Ken Worpole

Ken Worpole

Ken Worpole is a writer and social historian, whose work includes many books on architecture, landscape and public policy. He is married to photographer Larraine Worpole with whom he has collaborated on book projects internationally, as well as in Hackney, London, where they have lived and worked since 1969.

His principal interests concern the planning and design of new settlements, landscapes and public institutions - streets, parks, playgrounds, libraries, informal education - based on the pioneering achievements of 20th century social democracy, as well as the modern environmental movement. In recent years his work has focused on contemporary landscape aesthetics and working with architects and garden designers on the creation of new forms of residential settlements for an ageing population.

Ken is Emeritus Professor, Cities Institute London Metropolitan University, and has served on the UK government’s Urban Green Spaces Task Force, on the Expert Panel of the Heritage Lottery Fund, and as an adviser to the Commission for Architecture and the Built Environment.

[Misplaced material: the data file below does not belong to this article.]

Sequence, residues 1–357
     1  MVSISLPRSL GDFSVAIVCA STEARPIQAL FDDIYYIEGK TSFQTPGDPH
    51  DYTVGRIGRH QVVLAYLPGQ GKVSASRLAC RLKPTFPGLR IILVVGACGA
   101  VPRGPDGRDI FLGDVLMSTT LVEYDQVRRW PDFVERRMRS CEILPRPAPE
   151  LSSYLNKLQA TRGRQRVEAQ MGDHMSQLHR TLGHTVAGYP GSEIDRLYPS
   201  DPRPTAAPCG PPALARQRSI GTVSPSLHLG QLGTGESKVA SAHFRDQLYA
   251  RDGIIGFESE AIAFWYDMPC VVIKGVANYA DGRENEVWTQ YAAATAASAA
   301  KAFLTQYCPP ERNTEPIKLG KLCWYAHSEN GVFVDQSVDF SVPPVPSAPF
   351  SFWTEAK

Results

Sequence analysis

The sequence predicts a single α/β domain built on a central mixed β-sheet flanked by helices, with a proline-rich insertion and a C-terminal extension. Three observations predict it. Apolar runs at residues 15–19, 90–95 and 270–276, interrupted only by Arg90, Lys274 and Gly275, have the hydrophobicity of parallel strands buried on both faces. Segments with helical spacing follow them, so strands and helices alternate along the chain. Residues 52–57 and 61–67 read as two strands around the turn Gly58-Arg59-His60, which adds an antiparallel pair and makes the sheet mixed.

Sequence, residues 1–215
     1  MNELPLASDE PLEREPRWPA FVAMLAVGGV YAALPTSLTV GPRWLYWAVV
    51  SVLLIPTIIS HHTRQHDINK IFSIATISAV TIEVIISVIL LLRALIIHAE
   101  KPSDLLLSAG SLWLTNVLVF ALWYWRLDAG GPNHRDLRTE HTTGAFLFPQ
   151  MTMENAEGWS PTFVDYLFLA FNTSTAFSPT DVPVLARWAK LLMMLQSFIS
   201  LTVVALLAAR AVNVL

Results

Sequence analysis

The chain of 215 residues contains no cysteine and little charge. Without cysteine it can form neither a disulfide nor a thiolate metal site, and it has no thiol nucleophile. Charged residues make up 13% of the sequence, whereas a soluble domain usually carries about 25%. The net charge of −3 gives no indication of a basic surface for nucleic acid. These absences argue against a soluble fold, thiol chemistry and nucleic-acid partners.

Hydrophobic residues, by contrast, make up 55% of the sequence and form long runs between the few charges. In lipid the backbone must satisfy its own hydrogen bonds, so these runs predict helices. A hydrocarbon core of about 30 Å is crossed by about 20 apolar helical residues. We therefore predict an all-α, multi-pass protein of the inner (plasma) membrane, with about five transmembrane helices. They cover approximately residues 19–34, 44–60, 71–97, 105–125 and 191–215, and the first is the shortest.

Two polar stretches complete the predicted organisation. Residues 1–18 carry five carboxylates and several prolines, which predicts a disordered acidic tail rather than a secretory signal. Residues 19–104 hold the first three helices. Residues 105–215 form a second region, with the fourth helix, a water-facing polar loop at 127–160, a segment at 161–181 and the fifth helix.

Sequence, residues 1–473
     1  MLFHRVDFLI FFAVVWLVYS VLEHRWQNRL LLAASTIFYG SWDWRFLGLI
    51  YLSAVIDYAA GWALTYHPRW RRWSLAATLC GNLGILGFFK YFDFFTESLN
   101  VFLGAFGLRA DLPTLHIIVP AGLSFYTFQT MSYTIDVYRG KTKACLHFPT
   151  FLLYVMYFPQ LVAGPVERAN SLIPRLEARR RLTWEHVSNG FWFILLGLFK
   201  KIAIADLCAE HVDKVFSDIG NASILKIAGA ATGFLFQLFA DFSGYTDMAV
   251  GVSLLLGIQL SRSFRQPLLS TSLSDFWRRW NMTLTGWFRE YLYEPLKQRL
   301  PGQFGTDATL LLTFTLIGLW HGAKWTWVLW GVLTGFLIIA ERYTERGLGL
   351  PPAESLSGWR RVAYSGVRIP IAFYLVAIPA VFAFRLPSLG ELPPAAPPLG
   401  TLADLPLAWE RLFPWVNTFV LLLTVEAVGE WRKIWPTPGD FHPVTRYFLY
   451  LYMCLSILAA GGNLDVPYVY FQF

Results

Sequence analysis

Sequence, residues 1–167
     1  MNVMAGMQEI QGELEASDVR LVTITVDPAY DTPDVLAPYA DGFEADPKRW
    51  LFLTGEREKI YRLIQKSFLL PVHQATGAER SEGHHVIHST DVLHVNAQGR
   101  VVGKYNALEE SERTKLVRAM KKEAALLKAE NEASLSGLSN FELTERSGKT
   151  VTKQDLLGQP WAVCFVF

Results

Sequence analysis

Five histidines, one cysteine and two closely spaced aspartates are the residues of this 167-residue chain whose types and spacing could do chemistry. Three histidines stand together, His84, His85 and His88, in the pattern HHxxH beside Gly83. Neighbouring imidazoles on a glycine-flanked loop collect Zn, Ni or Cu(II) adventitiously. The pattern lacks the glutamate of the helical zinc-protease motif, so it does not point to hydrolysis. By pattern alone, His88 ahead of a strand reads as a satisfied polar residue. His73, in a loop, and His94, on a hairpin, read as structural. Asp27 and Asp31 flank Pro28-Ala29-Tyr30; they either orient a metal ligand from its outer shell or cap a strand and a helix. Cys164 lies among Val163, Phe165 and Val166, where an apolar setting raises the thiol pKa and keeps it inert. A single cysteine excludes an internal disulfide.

Email Ken Worpole

For many years, Ken Worpole has been one of the shrewdest and sharpest observers of the English social landscape.
The Independent

For well over 40 years Ken Worpole has been one of the most eloquent and forward thinking writers in Britain.
Icon: International Design,Architecture & Culture



So We Live book cover

Just Published

So We Live: the novels of Alexander Baron

Edited by Susie Thomas, Andrew Whitehead & Ken Worpole

Alexander Baron (1917 - 1999) grew up in Hackney, joined the Communist Party as a young man, saw the thick of battle in Sicily and Normandy, and his first novel, From the City, From the Plough (1948), was acclaimed as the definitive novel of the Second World War, the first of a trilogy including There’s No Home (1950) and The Human Kind (1953). There followed by a string of novels about working class life in post-war Hackney, including the cult novel The Lowlife (1963), set in 1960s Stoke Newington. This collection of critical essays reclaims the importance of Baron as one of the key post-war British novelists, whose reputation is once again in the ascendancy, with many novels back in print.

Published by Five Leaves, June 2019
For more information: www.fiveleaves.co.uk